"This is not a roofing accessory," said William Hamlin, the executive vice president of Hamlin Energy Solutions. "This is a power plant on someone's roof."
In March, the company installed 24,000 square feet of photovoltaic strips on the roof of the Benson plant. The panels are connected so that if one panel goes out, the remaining panels continue to work.
The panels have semi-conductors that turn sunlight into power. Peak production is between 11 a.m. and 3 p.m.
Inverters convert the electricity to alternating current. The output immediately goes to a transformer owned by South River Electric Membership Corp.
The solar panels provide about 30 percent of the shop's needs.
Hamlin invested about $760,000 in its solar roof. A scaffolding allows people to climb up to see the thin, purple tiles.
The company uses the roof for both training and demonstrations. Most of all, Hamlin said, they try to show potential customers that solar energy is "clean, simple and safe."
Alternative Energy Concepts of Fayetteville is another company that spun into the business.
When the owners of Intelect Inc. Â— an electrical contractor in Fayetteville Â— looked into solar, they also decided they needed their own separate company. They formed Alternative Energy Concepts.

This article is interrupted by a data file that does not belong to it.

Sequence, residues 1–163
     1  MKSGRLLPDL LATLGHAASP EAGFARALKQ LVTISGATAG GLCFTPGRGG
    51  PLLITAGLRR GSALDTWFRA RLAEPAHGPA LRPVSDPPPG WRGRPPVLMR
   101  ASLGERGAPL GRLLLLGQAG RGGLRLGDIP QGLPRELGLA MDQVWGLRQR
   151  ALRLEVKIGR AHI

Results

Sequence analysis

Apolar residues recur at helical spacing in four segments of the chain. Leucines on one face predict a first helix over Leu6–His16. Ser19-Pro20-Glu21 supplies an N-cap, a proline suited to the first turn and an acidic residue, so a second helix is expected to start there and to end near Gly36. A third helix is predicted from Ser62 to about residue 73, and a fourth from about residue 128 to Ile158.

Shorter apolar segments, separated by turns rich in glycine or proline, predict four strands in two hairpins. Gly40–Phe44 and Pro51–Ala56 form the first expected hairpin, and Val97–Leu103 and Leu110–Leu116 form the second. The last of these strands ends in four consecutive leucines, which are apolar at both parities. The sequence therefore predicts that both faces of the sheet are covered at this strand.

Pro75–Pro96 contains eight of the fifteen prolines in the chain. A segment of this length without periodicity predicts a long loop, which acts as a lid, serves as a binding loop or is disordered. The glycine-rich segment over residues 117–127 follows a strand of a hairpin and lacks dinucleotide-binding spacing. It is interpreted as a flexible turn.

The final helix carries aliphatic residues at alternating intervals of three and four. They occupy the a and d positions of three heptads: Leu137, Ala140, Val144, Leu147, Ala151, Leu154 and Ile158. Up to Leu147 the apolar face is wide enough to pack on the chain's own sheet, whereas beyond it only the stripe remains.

"We knew electrical work Â— there was no mystery there," said Joseph Sheffield of Alternative Energy Concepts.
But there was a learning curve in understanding solar, he said. The inquiries have been nonstop since the company opened several months ago. It can install solar, wind or hydroelectric systems.
Some of the interest has been in installing solar hot water-heating systems. During the mid-1970s, such systems were popular but bulky and not always reliable.
Today's technology still uses large panels that are 4 feet by 8 feet. But they are more efficient. Distilled water circulating through the panels heats up, then runs through a control panel. Water from a hot-water heater also flows through the control panel.
The systems are separate, but the heat is transferred. That decreases the need for the water heater's electrical element.
Fayetteville lawyer Graham Gurnee and his wife, Elizabeth, consulted the book "Solar Energy For Dummies" when they considered installing a system.
They decided to install a system at their home. Elizabeth Gurnee said the foremost reason was environmental. The second was economic; with federal and state tax credits, their system will pay for itself in about four years.
Tax credits can pay for as much as 65 percent of a solar-energy system. The credits are needed, said Kalland of the North Carolina Solar Center, to offset the high cost. But the costs are coming down, and Kalland predicts by 2020 the cost of producing solar power should be about the same as conventional electricity.
Kalland does not expect solar to supplant conventional plants. He noted that today's largest solar plant produces about 20 megawatts of power. In comparison, the average conventional coal plant produces 800 megawatts daily.